Folding Bikes on Planes - Advice Sought

Discussion in 'Road Cycling' started by Elisa Francesca Roselli, Jan 24, 2006.

  1. Simon Brooke

    Simon Brooke Guest

    in message <[email protected]>, Elisa Francesca
    Roselli ('[email protected]') wrote:

    > [email protected] a écrit :
    >
    >> You'll need a pump anyway, but the really quick thing is co2 cylinders
    >> from mike dyason
    >> http://www.mwdyason.ltd.uk/shop
    >> Cool.

    >
    > Doubt they'd be allowed on planes, though.


    Buy them at the far end. Every bike shop has them these days. But do
    practice using one first - there is enough gas in one to pump a tyre up
    hard, but there's none to waste.

    --
    [email protected] (Simon Brooke) http://www.jasmine.org.uk/~simon/


    ... a mild, inoffensive sadist...
     


  2. Elisa Francesca Roselli wrote:
    > I'm thinking about booking a cycling holiday in Bohemia this Spring.
    > Although the tour operator provides bikes for rent, I was so
    > uncomfortable on my rented bike on a similar holiday in the Netherlands
    > last year, that I'm thinking of bringing my beloved Dahon folding bike,
    > Flyzipper....
    >
    > This pits me against the problem of having to fly with him round-trip to
    > Prague from Paris. Dahon sells a special air-travel suitcase for its
    > folding bikes...


    This may sound silly, but are you positive you _need_ to fold the bike
    to fly it?

    Years ago, we traveled from New York to London Heathrow on British
    Airways with our standard bikes. At least at that time, weren't
    required to do anything but remove pedals and turn handlebars sideways.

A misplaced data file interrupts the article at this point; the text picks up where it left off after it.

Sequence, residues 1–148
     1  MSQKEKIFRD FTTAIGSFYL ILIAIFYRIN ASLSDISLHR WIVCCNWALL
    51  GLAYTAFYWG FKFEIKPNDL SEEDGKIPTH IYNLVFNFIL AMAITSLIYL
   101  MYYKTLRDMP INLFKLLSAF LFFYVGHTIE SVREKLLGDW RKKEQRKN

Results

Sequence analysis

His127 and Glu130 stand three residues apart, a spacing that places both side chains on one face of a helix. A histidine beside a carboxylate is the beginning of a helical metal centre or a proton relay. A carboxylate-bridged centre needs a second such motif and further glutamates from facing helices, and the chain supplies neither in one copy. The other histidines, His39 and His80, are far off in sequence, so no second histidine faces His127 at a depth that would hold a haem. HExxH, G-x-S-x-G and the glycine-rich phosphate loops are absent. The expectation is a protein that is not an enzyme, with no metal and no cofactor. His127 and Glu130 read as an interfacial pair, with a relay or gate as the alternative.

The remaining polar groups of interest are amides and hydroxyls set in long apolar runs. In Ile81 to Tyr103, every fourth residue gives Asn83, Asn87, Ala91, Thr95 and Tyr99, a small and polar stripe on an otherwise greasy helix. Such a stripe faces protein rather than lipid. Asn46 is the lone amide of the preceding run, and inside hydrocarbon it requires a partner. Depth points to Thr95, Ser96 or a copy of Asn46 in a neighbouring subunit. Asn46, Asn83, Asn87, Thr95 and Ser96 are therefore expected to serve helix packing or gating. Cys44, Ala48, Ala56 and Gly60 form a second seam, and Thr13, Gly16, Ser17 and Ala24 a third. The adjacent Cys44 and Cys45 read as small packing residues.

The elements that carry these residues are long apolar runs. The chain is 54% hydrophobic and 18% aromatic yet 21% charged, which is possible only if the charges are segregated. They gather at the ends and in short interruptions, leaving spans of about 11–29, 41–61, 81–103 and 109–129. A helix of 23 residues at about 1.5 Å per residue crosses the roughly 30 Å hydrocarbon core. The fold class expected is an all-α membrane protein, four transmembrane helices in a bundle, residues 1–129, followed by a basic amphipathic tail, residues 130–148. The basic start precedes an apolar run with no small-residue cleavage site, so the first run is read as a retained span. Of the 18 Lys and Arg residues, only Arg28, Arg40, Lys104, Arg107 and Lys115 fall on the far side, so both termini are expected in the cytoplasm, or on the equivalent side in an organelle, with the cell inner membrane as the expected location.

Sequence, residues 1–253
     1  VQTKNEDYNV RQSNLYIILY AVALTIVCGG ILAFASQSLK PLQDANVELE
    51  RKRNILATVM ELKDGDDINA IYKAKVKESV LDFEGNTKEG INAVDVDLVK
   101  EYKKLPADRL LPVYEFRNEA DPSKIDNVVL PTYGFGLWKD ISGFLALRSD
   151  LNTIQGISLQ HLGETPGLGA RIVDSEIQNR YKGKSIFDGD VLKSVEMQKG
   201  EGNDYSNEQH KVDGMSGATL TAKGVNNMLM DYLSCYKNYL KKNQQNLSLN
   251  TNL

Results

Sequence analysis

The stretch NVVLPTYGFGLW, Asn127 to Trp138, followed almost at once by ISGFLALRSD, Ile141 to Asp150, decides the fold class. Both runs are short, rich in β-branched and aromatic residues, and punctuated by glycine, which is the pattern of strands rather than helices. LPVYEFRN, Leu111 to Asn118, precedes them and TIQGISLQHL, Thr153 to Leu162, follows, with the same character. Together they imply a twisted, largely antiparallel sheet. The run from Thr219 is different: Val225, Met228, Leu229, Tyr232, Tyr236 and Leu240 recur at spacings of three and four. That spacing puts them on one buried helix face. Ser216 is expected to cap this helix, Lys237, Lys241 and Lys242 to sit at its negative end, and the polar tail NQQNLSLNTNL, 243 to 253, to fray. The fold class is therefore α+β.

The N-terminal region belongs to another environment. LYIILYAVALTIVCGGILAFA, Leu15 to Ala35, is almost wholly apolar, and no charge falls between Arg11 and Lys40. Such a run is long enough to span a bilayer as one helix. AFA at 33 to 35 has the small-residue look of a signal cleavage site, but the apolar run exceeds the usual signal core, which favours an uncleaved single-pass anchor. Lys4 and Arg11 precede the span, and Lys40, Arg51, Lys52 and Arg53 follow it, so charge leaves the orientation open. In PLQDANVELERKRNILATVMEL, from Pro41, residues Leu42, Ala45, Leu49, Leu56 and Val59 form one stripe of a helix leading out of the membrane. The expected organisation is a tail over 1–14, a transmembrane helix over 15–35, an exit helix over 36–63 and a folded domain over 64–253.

Even our panniers stayed in place. It's my understanding that this is
    still policy for some airlines.

    If the bike goes on the plane looking like a bike, it needs much less
    protection; the baggage handlers will treat it with reasonable care.
    OTOH, on a different overseas flight (different airline, charter
    flight) we were forced to box our bikes. Despite copious pleas for
    gentleness, "This side up" etc, we watched with horror as the boxed
    bikes were tossed from the roof of a truck's cab to the ground below.

    See if they'll take it unfolded.

    - Frank Krygowski
     
  3. [email protected] a écrit :

    > See if they'll take it unfolded.


    I'll phone the various airlines for more details. Unfortunately, Air
    France has never even seen a Dahon, so may not know their own policies.
    I would really hope to avoid a situation where the whole thing needs to
    be taken apart, wheels off, etc. and boxed. I am not sure I would know
    how to reassemble it at the other end even if I were carrying a toolbox.
    So far, only a front wheel has ever come off Fly. Even for that I was
    helped by a friend. The wheel went back on the wrong way and it took
    several weeks to get it recalibrated in a bike shop. And the riding